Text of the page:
As the first state to officially ban bump stocks amid the recent push, Massachusetts has emerged as a flashpoint in a predictably contentious debate over how the prohibition will be enforced.
Prior to the law’s enactment, the Massachusetts Executive Office of Public Safety and Security had sent all 400,000 of the state’s licensed gun owners a notice informing them that they had until Feb. 1 to turn over bump stocks and other restricted devices to law enforcement.
“It was very well publicized in Massachusetts and we expect people to, number one, know about the law, and number two, comply with the law,” said state Rep. David Linsky (D), who authored the bump stock ban measure.
“Police departments have been working with the Office of Public Safety to develop a protocol for the destruction of any weapons that get turned in,” he added. “People have had several months now, because they knew this ban was coming, to either give away or sell their items to someone out of state who could legally possess them.”
It’s unclear how popular bump stocks have been in Massachusetts. Although the state has some of the nation’s strongest gun laws and keeps comprehensive records of firearms sales and transfers, its statutes didn’t cover these sorts of accessories.
Bump stocks “tended to be a novelty item” among Massachusetts gun owners, Linksy said, adding that he didn’t think there were many around the state.
A representative for the Massachusetts State Police didn’t immediately respond to a request for information on the number of bump stocks that had been turned over ahead of the deadline.
Bans on certain types of weaponry often evoke fears of government confiscation, or “gun-grabbing,” among firearms advocates, but Linksy said police wouldn’t be going door to door to proactively enforce the law.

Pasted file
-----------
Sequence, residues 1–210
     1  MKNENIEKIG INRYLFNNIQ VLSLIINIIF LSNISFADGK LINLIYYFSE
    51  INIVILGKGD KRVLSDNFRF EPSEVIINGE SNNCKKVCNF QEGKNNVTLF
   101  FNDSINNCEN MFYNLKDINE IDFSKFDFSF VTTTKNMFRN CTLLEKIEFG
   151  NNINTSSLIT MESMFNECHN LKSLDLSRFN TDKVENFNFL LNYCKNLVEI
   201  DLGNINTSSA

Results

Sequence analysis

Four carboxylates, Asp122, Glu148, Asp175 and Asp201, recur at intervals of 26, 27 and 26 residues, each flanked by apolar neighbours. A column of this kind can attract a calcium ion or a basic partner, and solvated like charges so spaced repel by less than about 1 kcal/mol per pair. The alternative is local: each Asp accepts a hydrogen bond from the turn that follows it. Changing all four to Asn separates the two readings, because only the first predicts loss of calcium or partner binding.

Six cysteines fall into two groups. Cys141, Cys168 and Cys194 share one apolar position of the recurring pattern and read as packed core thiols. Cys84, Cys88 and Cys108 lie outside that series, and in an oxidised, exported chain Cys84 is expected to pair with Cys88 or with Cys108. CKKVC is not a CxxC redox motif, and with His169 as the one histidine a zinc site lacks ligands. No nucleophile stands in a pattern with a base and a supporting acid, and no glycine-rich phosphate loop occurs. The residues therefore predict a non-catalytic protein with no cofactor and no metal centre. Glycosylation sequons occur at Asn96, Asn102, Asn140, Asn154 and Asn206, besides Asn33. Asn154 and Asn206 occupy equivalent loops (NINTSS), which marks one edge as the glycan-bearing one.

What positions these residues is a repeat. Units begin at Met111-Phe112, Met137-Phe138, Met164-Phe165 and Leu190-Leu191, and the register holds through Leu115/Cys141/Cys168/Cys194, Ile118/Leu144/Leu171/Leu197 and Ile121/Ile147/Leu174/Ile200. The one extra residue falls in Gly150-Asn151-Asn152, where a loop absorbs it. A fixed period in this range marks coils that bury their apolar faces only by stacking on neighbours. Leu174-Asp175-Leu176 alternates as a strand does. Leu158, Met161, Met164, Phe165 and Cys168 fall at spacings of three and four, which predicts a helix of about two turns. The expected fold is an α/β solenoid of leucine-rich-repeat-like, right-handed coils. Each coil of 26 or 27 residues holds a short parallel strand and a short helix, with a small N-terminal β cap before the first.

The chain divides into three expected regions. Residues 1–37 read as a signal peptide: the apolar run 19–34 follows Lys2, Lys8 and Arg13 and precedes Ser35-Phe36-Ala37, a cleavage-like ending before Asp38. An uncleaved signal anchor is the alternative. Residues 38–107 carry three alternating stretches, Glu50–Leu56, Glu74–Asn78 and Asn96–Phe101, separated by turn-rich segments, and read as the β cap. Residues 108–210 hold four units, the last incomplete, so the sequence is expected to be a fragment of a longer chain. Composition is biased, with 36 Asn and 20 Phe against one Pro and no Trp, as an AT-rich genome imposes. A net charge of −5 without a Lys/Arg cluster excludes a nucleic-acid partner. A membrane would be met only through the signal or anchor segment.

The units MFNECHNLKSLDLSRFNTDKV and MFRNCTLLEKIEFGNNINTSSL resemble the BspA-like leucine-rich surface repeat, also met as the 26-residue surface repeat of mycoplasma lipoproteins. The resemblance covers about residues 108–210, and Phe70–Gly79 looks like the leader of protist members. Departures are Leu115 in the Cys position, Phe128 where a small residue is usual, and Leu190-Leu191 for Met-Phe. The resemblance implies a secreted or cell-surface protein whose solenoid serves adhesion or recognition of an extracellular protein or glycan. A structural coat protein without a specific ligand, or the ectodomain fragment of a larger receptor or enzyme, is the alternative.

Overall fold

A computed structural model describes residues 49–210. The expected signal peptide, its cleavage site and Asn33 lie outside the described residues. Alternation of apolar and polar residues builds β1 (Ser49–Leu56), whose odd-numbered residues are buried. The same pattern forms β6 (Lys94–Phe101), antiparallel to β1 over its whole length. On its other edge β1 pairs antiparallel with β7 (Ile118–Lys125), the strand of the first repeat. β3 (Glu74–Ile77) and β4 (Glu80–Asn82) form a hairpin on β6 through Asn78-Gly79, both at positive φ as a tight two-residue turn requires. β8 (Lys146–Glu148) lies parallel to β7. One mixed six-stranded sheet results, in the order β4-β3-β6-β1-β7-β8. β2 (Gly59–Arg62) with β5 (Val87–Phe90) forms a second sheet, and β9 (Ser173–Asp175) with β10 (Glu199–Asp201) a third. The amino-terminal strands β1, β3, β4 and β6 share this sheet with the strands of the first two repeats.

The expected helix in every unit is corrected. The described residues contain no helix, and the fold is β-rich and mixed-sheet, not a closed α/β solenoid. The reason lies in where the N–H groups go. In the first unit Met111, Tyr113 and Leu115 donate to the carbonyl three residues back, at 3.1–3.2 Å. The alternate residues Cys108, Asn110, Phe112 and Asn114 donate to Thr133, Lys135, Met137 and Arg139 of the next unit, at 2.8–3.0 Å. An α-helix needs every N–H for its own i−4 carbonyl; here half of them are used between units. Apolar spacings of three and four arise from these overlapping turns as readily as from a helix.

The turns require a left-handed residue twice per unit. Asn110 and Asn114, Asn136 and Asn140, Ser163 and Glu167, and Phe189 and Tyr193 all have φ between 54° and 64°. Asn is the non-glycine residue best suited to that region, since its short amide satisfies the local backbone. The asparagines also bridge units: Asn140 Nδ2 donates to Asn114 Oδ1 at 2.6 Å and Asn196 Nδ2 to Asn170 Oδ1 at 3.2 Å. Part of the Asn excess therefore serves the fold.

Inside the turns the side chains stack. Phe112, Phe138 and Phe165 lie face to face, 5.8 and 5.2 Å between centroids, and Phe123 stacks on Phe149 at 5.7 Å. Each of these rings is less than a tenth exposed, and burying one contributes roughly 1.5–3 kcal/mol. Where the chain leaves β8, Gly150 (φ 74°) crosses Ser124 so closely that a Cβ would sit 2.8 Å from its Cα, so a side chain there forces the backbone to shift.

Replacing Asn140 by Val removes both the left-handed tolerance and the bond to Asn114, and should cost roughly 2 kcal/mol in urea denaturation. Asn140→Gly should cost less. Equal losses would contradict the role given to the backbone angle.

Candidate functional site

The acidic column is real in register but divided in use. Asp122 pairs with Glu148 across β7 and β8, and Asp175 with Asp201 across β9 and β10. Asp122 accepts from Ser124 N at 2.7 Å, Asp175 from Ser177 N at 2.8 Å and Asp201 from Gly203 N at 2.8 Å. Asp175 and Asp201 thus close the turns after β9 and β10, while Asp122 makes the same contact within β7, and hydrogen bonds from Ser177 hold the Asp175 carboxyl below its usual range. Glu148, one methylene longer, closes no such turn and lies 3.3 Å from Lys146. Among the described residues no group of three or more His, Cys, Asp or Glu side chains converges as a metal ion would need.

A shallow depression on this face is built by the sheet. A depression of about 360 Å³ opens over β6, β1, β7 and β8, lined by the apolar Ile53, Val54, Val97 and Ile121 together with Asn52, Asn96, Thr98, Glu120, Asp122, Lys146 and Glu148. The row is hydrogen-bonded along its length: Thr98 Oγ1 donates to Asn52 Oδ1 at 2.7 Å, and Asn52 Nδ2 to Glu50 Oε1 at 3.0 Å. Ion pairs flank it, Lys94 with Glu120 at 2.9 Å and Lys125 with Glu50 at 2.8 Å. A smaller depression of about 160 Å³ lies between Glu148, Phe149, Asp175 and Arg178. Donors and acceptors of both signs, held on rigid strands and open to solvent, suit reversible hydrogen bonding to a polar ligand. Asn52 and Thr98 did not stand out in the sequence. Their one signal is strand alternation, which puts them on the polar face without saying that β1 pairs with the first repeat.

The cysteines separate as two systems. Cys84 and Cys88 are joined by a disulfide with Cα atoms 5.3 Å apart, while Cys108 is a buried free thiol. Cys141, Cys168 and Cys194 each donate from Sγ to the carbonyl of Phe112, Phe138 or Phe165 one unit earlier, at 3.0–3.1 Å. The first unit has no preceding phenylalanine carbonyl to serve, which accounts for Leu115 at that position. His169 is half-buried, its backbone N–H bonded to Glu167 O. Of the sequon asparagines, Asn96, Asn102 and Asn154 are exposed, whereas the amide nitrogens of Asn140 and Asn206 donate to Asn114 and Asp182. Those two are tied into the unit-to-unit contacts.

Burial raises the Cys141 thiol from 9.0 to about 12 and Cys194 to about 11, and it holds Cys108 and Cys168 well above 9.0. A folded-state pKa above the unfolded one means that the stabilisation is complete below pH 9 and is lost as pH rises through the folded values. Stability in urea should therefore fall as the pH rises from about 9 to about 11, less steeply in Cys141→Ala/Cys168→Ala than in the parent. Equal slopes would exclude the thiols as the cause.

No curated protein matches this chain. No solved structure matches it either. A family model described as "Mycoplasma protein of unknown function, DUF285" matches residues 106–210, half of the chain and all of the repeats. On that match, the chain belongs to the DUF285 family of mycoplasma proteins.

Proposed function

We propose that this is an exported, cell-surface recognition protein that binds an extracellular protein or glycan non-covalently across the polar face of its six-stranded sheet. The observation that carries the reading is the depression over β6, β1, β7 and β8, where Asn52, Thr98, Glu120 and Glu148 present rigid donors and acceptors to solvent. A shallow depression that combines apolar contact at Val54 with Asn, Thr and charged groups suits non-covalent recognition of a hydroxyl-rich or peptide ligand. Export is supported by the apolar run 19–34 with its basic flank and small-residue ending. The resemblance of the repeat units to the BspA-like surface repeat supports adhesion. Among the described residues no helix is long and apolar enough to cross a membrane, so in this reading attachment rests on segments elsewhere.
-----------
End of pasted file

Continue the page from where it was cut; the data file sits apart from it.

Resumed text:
“It will be a law enforcement issue the same way if someone is found with contraband of some other sort,” he said.
Gun rights groups have cried foul over the law’s lack of compensation for owners who surrender their bump stocks. Some gun rights organizations have floated the possibility of suing over the payment issue.
Other gun rights activists say they understand the frustration, but don’t necessarily see the devices as worth fighting a legal battle over.
“They’re not used for any sporting purpose, they’re not used in hunting, they would be impractical for self defense. ... They’re toys,” said Brent Carlton, president and co-founder of the Massachusetts-based gun rights group Comm2A. “But the fact of the matter is people spent money on them, they own them, they presumably have a property interest in them.”
The state is prepared to defend the law if activists do end up filing suit, said Linsky.
“Some of what I’ll call the extremist gun groups out there are calling this confiscation or calling it a taking without compensation, but if they really believe this, there’s a court system that is ready, willing and able to hear this challenge,” he said.